NPR Promotes 'Notable...Gay and Catholic' Woman as Next Mayor of New York
When it's Sunday on National Public Radio, it must be time to announce the Catholic Church is out of step with modern times. On Weekend Edition Sunday, NPR granted a soft-soap eight-minute interview to New York City Council Speaker Christine Quinn, the front-runner to succeed Michael Bloomberg as Mayor. NPR touted: "Christine Quinn has a notable biography. She's from an Irish family, she's Catholic and gay."
She's so "Catholic" that her "wedding" to Kim Catullo last year featured her walking down the aisle with her father to Beyonce's "Ave Maria," which is just another love song, not the actual Hail Mary hymn in any way. Her partner marched down the aisle with her dad, too...to Bruce Springsteen. NPR anchor David Greene asked as one of the "most powerful gay women" in America, if she shouldn't just leave the church that won't accept her homosexuality:
GREENE: Your Catholic faith and your family, I wonder on a personal level how you sort of deal with that in your life and also, you know, deal with being gay - not only gay, but one of the most powerful gay women in politics in this country.
QUINN: Well, it's just who I am. I mean, I'm Catholic and I'm gay. There's not much to deal with. It's who I am. It's how I wake up every morning.
GREENE: But your church, obviously, doesn't, you know, officially accept that.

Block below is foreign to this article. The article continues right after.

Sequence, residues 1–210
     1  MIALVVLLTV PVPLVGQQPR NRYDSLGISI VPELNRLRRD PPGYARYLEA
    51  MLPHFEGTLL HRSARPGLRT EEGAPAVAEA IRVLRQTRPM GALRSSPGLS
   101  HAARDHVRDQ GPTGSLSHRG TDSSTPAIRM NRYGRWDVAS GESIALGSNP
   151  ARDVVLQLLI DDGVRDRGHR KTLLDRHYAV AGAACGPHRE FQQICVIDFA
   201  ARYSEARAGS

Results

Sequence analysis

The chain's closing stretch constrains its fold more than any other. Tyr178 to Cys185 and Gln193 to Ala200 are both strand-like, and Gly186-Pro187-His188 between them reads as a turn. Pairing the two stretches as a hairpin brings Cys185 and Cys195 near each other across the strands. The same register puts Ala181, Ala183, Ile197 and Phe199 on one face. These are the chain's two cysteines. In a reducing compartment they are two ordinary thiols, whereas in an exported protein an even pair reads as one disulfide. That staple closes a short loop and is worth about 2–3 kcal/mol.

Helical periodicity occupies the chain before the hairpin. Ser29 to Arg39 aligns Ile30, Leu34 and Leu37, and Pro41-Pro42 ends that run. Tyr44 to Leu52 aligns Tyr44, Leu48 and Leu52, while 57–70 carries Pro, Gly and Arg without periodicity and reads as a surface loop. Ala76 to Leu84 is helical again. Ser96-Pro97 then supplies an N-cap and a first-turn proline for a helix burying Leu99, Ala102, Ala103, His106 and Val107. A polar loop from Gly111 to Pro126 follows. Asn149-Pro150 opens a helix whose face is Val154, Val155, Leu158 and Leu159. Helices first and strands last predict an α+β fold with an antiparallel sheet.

QUINN: Right. That's kind of their problem, not mine. I mean, I just don't dwell on it. I'm not really sure what the upside of me dwelling on it would be. I mean, I was raised Catholic, I take a lot of comfort and inspiration and motivation and support from my faith. I get what they kind of see in some political issues. They get that we're not in agreement on that. But that doesn't make me not who I am. It's still who I am.
GREENE: Do you ever wake up and think I need to leave this church, I need to leave this faith, I...
QUINN: No. Well, how can you leave a faith? A faith is who you are. It's what's inside of you. It's how you see the world. It's what inspires you. It's what comforts you. It's what uplifts you in the dark days. You can't leave a faith. The faith is who you are. It's what you have. Why should I leave the church? It's my church. They're the ones who have the wrong perspective. I'm not going to leave. If I leave, it's as if they won. I'm going to go into any church any time I want to, whenever I want to. It's my church. And no one's ever asked me to and no one ever will.
GREENE: Speaker Quinn, thank you so much for speaking with us.
This is the ultimate snit fit of "identity politics" -- I'm Catholic, and no one can say that I'm not....even though I refuse to agree with church teaching on any number of things (including being a NARAL darling on abortion).